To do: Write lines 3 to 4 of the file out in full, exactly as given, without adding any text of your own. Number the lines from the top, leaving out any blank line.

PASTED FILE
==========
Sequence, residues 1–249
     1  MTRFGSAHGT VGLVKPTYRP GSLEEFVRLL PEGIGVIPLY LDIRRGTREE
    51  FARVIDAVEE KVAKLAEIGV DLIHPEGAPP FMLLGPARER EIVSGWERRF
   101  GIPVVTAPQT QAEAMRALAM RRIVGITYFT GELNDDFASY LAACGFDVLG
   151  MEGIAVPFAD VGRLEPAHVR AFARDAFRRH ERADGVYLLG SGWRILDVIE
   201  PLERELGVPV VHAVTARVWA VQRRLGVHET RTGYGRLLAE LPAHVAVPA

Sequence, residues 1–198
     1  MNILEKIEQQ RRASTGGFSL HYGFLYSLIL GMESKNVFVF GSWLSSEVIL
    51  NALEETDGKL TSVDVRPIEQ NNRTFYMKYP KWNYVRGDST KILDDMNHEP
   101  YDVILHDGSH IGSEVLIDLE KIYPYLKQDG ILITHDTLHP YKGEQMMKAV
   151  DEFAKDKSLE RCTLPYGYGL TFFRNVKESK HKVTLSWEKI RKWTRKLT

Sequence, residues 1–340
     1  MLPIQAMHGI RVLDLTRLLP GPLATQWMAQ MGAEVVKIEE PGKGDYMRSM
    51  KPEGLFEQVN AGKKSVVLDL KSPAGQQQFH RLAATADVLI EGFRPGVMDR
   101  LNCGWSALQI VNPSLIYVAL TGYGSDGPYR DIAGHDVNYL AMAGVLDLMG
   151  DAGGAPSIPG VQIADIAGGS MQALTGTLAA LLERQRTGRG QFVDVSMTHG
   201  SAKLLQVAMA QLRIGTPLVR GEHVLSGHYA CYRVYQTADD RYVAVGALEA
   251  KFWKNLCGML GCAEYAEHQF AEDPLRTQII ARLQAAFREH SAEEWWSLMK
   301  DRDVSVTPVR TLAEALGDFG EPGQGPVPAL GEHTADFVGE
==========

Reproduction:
    51  FARVIDAVEE KVAKLAEIGV DLIHPEGAPP FMLLGPARER EIVSGWERRF
   101  GIPVVTAPQT QAEAMRALAM RRIVGITYFT GELNDDFASY LAACGFDVLG